My work is qualitative research as data is collected from firsthand resources, including semi-structured interviews and systematic analysis of primary resources. In my latest project with Konrad Adenauer- Stiftung institute that examined Iraqi women activists’ contribution in the Iraqi elections 2021, I conducted 21 semi-structured Zoom interviews with Iraqi women activists, parliamentary candidates, and NGO and CSO heads. I do believe that MENA ordinary people are the knowledge bearers and producers, taking into consideration that they have been leading the social movements that swept MENA since 2010, and eventually had the agency to reshape the geopolitics of the region.
5. Why did you want to join SEPAD?
I find the non-resident fellowship with SEPAD an opportunity to share and expand my research on Iraqi women’s artistic approaches against political oppression. Aiming that my research will provide the scholarship needed to understand the politics of space in MENA in general and Iraq in specific in relation to women’s activism, I find SEPAD project an adequate academic channel that can provide support to build up a professional network of scholars and academics who share similar interest about MENA and Iraq issues.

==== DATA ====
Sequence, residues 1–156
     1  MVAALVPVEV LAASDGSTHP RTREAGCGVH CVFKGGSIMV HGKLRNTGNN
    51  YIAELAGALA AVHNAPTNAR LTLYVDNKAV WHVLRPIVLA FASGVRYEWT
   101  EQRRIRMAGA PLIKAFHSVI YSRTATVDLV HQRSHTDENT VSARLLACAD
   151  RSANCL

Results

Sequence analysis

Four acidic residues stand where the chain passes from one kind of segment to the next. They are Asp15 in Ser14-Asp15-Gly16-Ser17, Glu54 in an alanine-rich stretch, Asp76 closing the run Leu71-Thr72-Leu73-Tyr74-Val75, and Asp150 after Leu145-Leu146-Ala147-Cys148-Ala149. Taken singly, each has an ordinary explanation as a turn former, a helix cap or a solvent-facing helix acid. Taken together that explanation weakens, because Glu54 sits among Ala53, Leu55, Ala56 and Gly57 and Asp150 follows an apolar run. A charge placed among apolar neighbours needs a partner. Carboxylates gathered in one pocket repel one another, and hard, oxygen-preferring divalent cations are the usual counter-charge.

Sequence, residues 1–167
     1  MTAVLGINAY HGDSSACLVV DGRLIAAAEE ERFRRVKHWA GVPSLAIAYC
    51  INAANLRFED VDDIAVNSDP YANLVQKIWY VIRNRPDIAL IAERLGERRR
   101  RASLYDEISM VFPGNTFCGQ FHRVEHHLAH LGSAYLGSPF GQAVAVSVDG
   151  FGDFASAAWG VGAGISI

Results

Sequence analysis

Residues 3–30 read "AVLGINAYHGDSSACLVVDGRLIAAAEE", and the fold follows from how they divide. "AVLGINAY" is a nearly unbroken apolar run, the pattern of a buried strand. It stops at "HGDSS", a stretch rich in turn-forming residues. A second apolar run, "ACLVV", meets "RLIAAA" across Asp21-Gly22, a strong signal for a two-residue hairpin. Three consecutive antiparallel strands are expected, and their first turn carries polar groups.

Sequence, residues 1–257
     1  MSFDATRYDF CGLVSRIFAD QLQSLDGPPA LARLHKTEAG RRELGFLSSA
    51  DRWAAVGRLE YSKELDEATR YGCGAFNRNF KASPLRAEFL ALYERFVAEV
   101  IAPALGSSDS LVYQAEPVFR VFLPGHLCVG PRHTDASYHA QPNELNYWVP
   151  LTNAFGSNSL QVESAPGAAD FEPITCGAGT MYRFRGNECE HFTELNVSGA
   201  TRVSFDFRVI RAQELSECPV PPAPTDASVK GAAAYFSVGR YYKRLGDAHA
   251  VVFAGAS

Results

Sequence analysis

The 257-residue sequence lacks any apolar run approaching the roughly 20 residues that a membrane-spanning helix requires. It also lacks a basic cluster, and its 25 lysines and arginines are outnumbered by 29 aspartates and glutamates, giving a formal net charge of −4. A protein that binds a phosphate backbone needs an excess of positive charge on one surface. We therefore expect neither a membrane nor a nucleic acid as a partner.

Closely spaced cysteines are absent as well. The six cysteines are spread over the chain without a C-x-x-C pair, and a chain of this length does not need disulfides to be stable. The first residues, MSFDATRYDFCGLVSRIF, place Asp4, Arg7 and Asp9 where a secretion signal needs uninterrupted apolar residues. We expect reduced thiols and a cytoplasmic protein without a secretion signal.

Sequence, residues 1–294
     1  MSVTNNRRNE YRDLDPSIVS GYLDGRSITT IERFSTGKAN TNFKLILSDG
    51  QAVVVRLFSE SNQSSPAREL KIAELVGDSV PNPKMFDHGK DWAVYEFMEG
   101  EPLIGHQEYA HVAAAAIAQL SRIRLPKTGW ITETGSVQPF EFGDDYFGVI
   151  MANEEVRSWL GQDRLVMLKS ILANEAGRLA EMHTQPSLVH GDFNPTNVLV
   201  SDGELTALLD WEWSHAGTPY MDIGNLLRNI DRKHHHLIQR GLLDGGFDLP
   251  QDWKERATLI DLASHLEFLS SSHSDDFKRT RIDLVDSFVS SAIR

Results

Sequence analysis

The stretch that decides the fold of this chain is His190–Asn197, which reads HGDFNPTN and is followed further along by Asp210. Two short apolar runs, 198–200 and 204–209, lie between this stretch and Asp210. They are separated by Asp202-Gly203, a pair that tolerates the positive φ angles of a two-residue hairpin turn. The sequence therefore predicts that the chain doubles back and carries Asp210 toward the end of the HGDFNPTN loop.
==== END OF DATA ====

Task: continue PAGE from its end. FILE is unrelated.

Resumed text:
6. What is your workshop on?
The workshop will shed light on Iraqi women’s diverse approaches to de-sectarianise the public space of the protest squares, focusing on women activists from the provinces of Baghdad and Basra. Young women protesters utilised these spaces to reimagine these cities as desctariansed spaces, challenging multiple discourses and narratives of sectarianism, and sexism. Through the instrumentalisation of verbal and non-verbal communication tools including art, graffiti, performance, and language, groups and individuals of women protesters succeeded, though temporarily, in reclaiming the public space - defying gender-based discrimination and the religious/sectarian divisive nature of these provinces. The workshop will introduce the term Artivism (Art + Activism) within the MENA region.